I have been watching presidential debates since 1960. I was only 6 years old when I started, but that year kicked off what has been over 50 years of debates with great moments, depending on your viewpoint. Here are just a few moments from history:READ MORE: Dallas Police Release Video Prior To Shooting Of Armed Robbery Suspect
The 1960 debate between Senators John F. Kennedy and Richard M. Nixon showed which candidate understood the power of television. Most everything then was televised in black and white. Kennedy and Nixon were in Chicago at the studios of CBS’s WBBM-TV.
CBS’s Chairman William S. Paley and President Frank Stanton flew from New York to Chicago to see the debate and meet the candidates. Paley had been at that time very close friends with outgoing President Dwight D. Eisenhower and had been on his staff in World War II under the SHEAF Command.
CBS News’ Don Hewitt, who later became the creator and executive producer of 60 Minutes, produced the debates. Kennedy knew how powerful television was becoming and that visual image was as important as the actual verbal exchange with Nixon. He was an early user of television advertising. On that evening, Kennedy wore a dark suit, looked tanned and youthful. Nixon wore a lighter colored suit, refused makeup, and looked old and tired. For a race that was neck and neck until the end, the Chicago debate definitely helped turn the tide for Senator Kennedy who won the Electoral Vote that year and became the 35th President.
In 1976, President Gerald Ford and then Governor Jimmy Carter were running against each other. President Ford ascended to the presidency on the resignation of President Nixon in 1974 due to the Watergate scandal. In one of the interviews, President Ford made the statement that “there has never been Soviet domination of Eastern Europe at any time and never will be under a Ford Administration.” Well, that was clearly wrong! He lost the election to Carter.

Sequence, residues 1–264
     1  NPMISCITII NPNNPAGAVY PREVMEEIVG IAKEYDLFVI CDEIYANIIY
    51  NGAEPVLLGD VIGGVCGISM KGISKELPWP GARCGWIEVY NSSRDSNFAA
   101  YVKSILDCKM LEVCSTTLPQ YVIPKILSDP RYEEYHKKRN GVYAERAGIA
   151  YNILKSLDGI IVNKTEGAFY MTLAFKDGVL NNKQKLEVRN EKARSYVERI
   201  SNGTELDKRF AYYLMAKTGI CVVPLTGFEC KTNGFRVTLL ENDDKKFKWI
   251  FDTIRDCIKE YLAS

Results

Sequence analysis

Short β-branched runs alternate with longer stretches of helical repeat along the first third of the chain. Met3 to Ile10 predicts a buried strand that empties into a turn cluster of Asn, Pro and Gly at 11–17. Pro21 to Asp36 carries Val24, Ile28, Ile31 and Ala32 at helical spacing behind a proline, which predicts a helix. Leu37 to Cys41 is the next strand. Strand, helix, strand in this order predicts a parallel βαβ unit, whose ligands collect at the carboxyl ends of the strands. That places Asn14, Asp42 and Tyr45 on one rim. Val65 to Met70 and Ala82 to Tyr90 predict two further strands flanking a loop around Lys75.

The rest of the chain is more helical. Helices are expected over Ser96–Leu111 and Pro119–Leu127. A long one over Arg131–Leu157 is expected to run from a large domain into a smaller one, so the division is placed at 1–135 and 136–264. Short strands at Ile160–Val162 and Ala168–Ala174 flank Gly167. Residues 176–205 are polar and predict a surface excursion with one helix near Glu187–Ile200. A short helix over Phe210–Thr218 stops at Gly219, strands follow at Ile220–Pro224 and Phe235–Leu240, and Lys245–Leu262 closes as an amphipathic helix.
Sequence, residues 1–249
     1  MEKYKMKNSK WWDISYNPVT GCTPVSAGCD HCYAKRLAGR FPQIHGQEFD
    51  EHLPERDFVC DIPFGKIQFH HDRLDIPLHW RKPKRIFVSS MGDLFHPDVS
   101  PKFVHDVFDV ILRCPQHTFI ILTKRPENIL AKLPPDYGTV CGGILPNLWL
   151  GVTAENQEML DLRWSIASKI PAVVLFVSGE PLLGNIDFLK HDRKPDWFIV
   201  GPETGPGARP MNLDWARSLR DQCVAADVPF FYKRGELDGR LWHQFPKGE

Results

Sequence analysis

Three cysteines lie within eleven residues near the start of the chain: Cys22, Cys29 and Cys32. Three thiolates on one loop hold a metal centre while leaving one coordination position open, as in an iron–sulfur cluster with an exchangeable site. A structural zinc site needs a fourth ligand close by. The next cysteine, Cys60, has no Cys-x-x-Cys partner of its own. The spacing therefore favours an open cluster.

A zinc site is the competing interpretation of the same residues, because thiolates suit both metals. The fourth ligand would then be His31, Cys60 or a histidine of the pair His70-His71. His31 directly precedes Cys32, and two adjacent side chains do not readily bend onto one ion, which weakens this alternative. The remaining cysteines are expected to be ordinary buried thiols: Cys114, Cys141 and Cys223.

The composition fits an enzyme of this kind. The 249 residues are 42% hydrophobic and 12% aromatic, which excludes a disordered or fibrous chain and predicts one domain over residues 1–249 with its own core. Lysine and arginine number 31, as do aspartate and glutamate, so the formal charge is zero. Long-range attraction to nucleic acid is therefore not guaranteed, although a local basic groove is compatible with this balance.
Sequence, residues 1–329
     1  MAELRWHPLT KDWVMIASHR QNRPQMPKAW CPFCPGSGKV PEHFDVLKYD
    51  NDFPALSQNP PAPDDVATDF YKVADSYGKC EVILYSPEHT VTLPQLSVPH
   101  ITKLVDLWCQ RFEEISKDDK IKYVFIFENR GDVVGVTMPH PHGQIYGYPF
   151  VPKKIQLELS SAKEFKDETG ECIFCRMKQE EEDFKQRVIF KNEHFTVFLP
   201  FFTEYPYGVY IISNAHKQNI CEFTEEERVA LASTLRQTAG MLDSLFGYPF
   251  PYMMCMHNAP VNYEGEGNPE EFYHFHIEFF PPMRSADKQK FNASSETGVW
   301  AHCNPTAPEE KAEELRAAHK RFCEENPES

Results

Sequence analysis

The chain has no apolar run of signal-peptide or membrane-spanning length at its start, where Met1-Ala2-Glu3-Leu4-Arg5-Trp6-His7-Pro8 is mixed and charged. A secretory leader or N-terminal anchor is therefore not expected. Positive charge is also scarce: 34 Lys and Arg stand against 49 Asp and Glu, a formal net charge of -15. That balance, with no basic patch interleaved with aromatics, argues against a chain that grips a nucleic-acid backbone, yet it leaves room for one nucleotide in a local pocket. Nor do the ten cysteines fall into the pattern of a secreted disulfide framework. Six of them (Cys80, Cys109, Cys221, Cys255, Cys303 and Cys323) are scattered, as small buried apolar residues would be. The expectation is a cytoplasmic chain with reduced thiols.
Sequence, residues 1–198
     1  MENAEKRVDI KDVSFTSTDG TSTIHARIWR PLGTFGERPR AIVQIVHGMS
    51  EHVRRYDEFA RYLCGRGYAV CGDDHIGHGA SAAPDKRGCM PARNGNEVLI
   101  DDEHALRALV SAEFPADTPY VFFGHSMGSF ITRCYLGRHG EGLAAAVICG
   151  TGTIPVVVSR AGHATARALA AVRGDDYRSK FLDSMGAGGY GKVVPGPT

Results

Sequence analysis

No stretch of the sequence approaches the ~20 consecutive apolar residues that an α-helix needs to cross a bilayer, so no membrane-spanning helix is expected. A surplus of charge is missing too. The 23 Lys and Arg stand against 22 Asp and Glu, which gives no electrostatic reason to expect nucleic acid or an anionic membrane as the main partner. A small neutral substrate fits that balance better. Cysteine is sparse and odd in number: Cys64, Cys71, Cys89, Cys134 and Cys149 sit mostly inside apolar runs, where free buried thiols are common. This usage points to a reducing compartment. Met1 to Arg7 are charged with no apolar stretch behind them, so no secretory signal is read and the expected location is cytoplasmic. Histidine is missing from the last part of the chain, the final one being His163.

In 1984, President Ronald Reagan was having some trouble in the debates with his opponent, former Vice President Walter Mondale. The President’s advisers wanted to fill him up with figures and statistics to use against Mondale. But First Lady Nancy Reagan knew better, that the President was at his best speaking from the heart. Being a former movie actor and radio announcer didn’t hurt either!READ MORE: Young Man Shot To Death Behind The Wheel Of Car In DeSoto; Witnesses Saw Passenger Run Off
When asked in one of the debates about his age being a factor, Reagan replied, “I want you to know also I will not make age an issue of this campaign. I am not going to exploit for political purposes my opponent’s youth and inexperience.” Mondale knew then he was cooked. The audience roared with laughter and Reagan won re-election.
In 1988, during the vice presidential debate, Senators Dan Quayle and Lloyd Bentsen were duking it out. Quayle was talking about his qualifications after Bentsen implied he didn’t have enough experience.
Quayle remarked, “I have as much experience in the Congress as Jack Kennedy did when he sought the presidency.” Bentsen replied, “Senator, I knew Jack Kennedy; Jack Kennedy was a friend of mine. Senator, you’re no Jack Kennedy.” Despite this, George Bush and Dan Quayle won but only for one term.
In 1992, Dallas entrepreneur Ross Perot and his vice presidential running mate, retired Navy Admiral William Stockdale, ran into some popularity problems when during a vice presidential debate, Stockdale made the quote, “Who am I? Why am I here? I’m not a politician.” Well, Admiral, what are you doing here then?
Politics certainly has its rough, tough, dirty, mudslinging moments but there are moments of laughter and comedy too.MORE NEWS: Exclusive: Inside The North Texas Factory Making Syringes For COVID-19 Vaccines
See you next time.